• #3- M (1931) The Criterion Collection- director Fritz Lang- What really blows me away about Criterion is their capacity to improve in leaps and bounds with each re-release of titles, and the Blu-Ray of Fritz Lang’s M is no different. I owned each of the first two releases that Criterion did on DVD and both were stunning for there time. Now after the remastering of the DVD around 5 years ago,  I was skeptical that the Blu-Ray could really offer much more detail to the film without taking away too much grain or atmosphere from the original 1931 film negative. First off, I love this movie since the first viewing on a crappy VHS copy late in my teenage years, very dark story even by today’s standards, darker  even.  I’ve watched the film around 30 times since then and I was taken aback by how perfectly balanced the Blu-Ray transfer is, It’s as perfect as perfect can get for a movie from 1931. Simply beautiful black and white cinematography and a must see on Blu-Ray, this is what HD is all about and I can’t wait to see Criterion bring us more of their classic library to Blu-Ray. If you haven’t seen it now it the time, absolute cinema gold.
  • #2-Apocalypse Now (1979, 2001) 3 disc Full Disclosure Edition- director Francis Ford Coppola- “I was going to the worst place in the world and I didn’t even know it yet.” The greatest spectacle of a film even shot with out any use of CG, monitors, playback and any kind of studio restriction of any kind. It worked in the end for Coppola, but considering he had already made Godfather 1 and 2, won Oscars for both, no studio in Hollywood wanted to back a film based on the Vietnam war. So Coppola decided to put up his multi-million dollar home and property,  his company would use the money to fund the production himself  which ended up almost bankrupting him and driving him crazy in the process. In the end the product is there captured on celluloid for all time to see, it kicks some serious ass and looks great doing it in 1080p.  With this set on the first two discs you get the 1979 original cut, the 2001 Redux,  a number of  commentaries, extras, a little book,  all the bells and whistles; but that third discs is the real jewel for all film fans, the truest look at the production of a film even caught on camera,  the documentary “Heart Of Darkness: A Filmmakers Apocalypse” all shot by Coppola’s wife on location. A great film in it’s own right, the first time available with any release of Apocalypse Now and a welcome addition to the set. This is a must own for all Blu-Ray enthusiasts, serious visual candy here.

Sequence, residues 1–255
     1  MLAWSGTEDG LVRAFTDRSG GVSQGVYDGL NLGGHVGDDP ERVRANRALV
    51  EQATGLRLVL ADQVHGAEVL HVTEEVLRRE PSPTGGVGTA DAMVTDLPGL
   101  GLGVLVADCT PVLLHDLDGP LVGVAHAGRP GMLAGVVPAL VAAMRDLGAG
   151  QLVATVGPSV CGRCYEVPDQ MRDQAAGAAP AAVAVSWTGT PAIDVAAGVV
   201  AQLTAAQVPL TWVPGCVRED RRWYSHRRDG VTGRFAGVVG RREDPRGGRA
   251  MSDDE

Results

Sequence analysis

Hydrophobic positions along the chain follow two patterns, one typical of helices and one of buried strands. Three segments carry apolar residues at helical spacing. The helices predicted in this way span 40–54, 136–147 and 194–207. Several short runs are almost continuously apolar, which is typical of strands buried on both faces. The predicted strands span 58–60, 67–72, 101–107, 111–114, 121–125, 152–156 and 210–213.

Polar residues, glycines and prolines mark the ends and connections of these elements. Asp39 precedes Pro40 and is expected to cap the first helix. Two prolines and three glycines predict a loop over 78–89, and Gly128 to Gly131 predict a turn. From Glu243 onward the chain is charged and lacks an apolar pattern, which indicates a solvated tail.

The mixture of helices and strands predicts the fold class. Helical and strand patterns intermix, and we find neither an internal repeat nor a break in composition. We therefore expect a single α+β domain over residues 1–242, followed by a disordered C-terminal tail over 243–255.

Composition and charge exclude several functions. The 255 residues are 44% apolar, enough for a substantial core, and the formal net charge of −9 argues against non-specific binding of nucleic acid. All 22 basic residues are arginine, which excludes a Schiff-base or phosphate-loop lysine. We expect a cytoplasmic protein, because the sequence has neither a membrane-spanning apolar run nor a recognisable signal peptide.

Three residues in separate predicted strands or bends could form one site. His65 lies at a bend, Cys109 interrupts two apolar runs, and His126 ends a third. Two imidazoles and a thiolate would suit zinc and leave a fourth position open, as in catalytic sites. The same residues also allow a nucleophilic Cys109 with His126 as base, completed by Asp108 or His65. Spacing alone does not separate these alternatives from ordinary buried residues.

• #1- Alien Anthology (1979,1987,1992, 1997)-directors Scott, Cameron, Fincher, Jeunet  – Hand down this set deserves the best Blu-Ray award of 2010 just based on the first two film transfers alone. Add in the extras, some not seen since the Laser disc release, the other 2 Alien movies and this set is a must own for any film lover getting into HD.

ALIEN(1979)- director Ridley Scott- This is in my top 5 favorite movies of all time, conservatively I’d say I’ve seen it well over 100 times and after seeing this Blu-Ray I re-watched it twice in the next day. This transfer is total perfection. I think Fox did something very special with the first two movies, with help from the director’s without question. It’s like seeing this film again for the first time, the art direction is sublime and is never quite equaled in the series. Scott’s attention to detail and art direction is stellar, and in 1080p I was taken to a transcendent level upon viewing the moody atmosphere of this science fiction monster masterpiece.

ALIENS(1986)- director James Cameron-  Cameron last year took the original negative from 1986 and re colored and fixed the grain level for the Blu-Ray release. At first that sounds bad to fix any grain levels in older films, there is grain in film, that’s one of the great qualities of film; but the original negative stock used for Aliens had problems with it and Kodak ended production of that particular stock after that run, so that’s why  it looks really overly grainy and noisy in the original release. After the re-coloring and tweaking to the special edition of the film the Blu-Ray turned out better than I thought the film could ever look . This shit is bad ass! The people who are very familiar with the film will be shocked at the level of detail to the picture. You will find your self constantly questioning whether you’ve seen this part before and what the hell is going on with all this new shit. That’s how good this transfer is, unbelievable. Nothing like Cameron,Biehn and Sci-Fi, great stuff.

As for the last two films Alien3 (1992) and Alien:Resurrection (1997) didn’t fair so well in the HD transfers. David Fincher was screwed from the second he took the reins of the runaway project at Fox and the Blu-Ray transfer of Alien3 is no different, it shows little care compared to the first two films obviously no impute from the director was taken or given there. As far as Resurrection is concerned the director Jean-Pierre Jeunet has already voiced his troubles with the shoty treatment his film got in the HD transfer, the colors are dull,  the blacks are sort of washed out a bit and the over all picture is flat looking compared to other films he’s made. The set really is still worth the purchase because the reality is Alien And Aliens are the only two films you will re-watch anyway, and they are defiantly worth more than a few watchings in HD.

More great classics on the way to Blu-Ray in 2011, The Walking Dead: First Season, Excalibur (1981), Teen Wolf, Taxi Driver (original laser disc commentary is one of the new extras), Tron (1982), Le Cercle Rouge (1970) Criterion, De Palma’s Blow Out (1981) Criterion, Fear and Loathing in Las Vegas Criterion, Diabolique (1955) Criterion, (the big one this year) the Star Wars Saga and lots more coming .

Is it time to dive in yet? The water is pretty nice once you’re in.

Till Next Time. Stay Tuned.

J.

Posted February 16, 2011 by JMC in On The Couch